How to Write 1000 Words in Under an Hour

How to Write 1000 Words in Under an Hour
WHERE THE MAGIC HAPPENS. Seriously. This is my "office." Will somebody come build me an office?

Dear Julie,

I know you're sitting there in front of your computer trying to decide what to write about and how to write it and how you can make it funny and mostly inoffensive and all of that jazz, but today you're writing for speed. You know how to do that. I've seen you do it.

You can't think about it. You can't edit as you go. You can't second guess yourself. You have to put fingers to the keyboard and just leave it all there on the screen.

But what if it's shit, you say. What if it's the worst thing you, or anyone, has ever written? Well, so what? That's what revision is for.

Remember back when you were a young lass, back before you had children, when you were teaching and got home from work at 4:00 every day? Remember how you had summers and holidays off? Remember how you had your weekends free and you could do whatever you wanted whenever you wanted? Remember how much writing you got done then? Yeah. Bupkis.

That's because you didn't have the pressure. You were at work all day, flitting away your lunch hour on the internet. Then you'd come home and put on the TV or sit in front of the computer again and read Perez Hilton (this was a very long time ago). Most of the time you'd play Sims. Remember that game? I'm sure you do. You played it like it was your job.

But then you went and had that there child of yours, the boy one. And you spent the first year of his life with him napping on you for several hours a day because you were scared if you moved him he'd wake up and nap time would be over. So you'd feed him and he'd pass out and then he'd lie there on your chest while you watched NCIS episode after NCIS episode. You watched all seven seasons of The West Wing that year. You watched Alias (at least through Season 3; you couldn't stomach watching Seasons 4 and 5 again). You watched Season 1 of True Blood and a couple back seasons of Project Runway, which you had never seen before. You watched the first season of Real Housewives of New Jersey. That was a definite low point.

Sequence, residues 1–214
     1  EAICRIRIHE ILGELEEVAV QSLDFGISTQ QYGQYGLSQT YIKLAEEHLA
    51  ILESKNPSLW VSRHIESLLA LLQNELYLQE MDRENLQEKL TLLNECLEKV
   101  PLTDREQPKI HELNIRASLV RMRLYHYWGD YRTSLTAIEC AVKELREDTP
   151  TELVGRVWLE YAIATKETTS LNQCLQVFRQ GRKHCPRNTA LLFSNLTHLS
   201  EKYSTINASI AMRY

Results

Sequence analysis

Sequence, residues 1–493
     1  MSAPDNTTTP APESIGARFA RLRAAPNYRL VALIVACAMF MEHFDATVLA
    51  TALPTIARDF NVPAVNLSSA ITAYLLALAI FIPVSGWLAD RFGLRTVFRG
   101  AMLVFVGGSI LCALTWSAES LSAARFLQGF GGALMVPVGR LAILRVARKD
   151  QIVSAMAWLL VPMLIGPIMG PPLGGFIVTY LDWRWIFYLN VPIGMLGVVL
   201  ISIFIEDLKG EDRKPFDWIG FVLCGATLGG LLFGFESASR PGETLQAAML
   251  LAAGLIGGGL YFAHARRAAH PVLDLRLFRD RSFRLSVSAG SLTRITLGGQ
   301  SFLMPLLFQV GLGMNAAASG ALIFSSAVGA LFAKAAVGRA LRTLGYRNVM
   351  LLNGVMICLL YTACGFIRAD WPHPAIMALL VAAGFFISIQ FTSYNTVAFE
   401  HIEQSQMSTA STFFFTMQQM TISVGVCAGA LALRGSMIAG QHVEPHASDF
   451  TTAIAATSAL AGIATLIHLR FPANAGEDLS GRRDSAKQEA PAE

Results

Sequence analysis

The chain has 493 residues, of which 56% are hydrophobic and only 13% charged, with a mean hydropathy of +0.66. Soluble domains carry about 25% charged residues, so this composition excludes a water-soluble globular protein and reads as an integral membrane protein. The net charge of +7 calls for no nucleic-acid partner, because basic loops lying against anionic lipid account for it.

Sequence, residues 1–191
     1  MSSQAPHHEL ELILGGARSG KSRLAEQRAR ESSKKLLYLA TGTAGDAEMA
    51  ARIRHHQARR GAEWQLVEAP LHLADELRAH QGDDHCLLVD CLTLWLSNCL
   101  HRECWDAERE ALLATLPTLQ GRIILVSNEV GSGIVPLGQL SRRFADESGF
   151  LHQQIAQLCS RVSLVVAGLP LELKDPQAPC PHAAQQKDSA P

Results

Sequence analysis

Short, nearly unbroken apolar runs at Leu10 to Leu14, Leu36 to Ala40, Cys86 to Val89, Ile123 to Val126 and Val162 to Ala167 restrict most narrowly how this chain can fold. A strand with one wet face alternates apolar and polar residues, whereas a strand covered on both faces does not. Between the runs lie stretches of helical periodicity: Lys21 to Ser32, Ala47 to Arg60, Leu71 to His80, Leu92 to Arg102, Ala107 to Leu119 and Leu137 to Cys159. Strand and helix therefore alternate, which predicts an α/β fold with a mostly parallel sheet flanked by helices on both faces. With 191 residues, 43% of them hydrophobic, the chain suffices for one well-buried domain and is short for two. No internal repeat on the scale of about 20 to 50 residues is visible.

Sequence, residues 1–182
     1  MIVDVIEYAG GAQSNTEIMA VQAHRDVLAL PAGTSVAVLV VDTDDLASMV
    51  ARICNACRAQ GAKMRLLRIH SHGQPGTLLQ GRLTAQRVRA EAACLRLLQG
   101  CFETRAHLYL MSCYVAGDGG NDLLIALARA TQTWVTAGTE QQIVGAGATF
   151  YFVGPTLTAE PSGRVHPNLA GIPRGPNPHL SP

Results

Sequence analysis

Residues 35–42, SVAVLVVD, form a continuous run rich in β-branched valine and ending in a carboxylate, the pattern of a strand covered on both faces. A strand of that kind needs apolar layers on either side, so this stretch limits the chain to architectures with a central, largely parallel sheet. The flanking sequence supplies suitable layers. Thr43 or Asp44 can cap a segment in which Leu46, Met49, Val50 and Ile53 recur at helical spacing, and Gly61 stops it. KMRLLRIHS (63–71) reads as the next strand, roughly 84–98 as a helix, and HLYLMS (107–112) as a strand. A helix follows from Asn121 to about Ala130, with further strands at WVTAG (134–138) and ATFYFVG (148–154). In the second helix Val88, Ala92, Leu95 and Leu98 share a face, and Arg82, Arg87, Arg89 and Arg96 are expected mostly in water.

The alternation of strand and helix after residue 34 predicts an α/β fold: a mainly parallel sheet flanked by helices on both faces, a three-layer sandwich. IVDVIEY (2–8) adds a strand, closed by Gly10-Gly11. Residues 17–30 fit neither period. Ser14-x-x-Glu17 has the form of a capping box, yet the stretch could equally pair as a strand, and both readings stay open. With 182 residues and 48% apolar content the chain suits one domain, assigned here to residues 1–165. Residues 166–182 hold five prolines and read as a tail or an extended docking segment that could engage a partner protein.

Then, remember, you started getting antsy. You started to realize that you should be doing something with your life besides letting an eleven-month-old drool all over your T-shirt. You started to recall that novel you knew you could write, the novel you knew you should write. So you started the process. You trained the kid to nap in his own crib. It wasn't that hard, and you wondered why you hadn't thought to try it sooner. Then you went to Barnes & Noble (with the kid, not while he was sleeping) and bought a book about how to write a novel in thirty days. You devoured it. And then on September 1 you started writing, two thousand words a day. And in a month, you had a book. Well, kind of. You had a book-length pile of shit, but it was something.

And now you had the thrill of success. It wasn't that hard, was it, writing two-thousand words a day? You had the time. Your kid was still napping for a few hours in the afternoon. It was plenty of time to get your writing done and watch The Daily Show and Colbert. You were living the best of both worlds.

But then you took on another challenge. You started babysitting for your infant niece. And suddenly nap time wasn't such a sure bet. You were juggling the tempers of two small people. Would they both sleep? Would one cry and wake the other one? Would the doorbell ring? Would the dog bark? There were so many variables, so many things that could frak up your writing time, but that just made you more determined to do it. You started another novel (the novel whose name we dare not speak), and you wrote fifty thousand words of it during that November.

Fast forward three years, and now you've reached a new challenge -- the no nap time phase. The boy child is at school all day, but you still have your daughter at home. And she's stopped taking naps. And she's a lot less willing to play on her own than your son is. So now your time is even more precious. Now you have to work even harder to get those words in. You send her upstairs for quiet time while you (hopefully) jump onto Scrivener and start typing your scene for the day. It's a race against the clock -- the clock being her tolerance for playing by herself. Some days you get an hour. Sometimes she falls asleep and you're golden. Sometimes she's calling for you after fifteen minutes.

So, the question is -- how much do you want it? How much do you want to finish that book and revise it and start sending it out to agents? Does it mean more to you than eating a bowl of grapes while reading blind items on Crazy Days and Nights? It should. This is what you want. I know it's what you want.

It doesn't take a lot of time out of your day. We stymie ourselves by thinking that we have this process we need to follow, that the conditions need to be perfect in order to get our creative juices flowing, but that's not true at all, is it? You just need the drive. You just need to put your ass in the seat and close all unrelated windows and dive right into the story and type and type and type until you've hit that word count. It doesn't take as long as you think it does. It takes a precious little amount of time, really. Here, I've been typing for only twenty-five minutes and I'm already at one thousand words. Twenty-five minutes and I have put a thousand words to paper (er, computer screen). Look what you can accomplish when you think you have no time, you jackass.

All the best,

Julie

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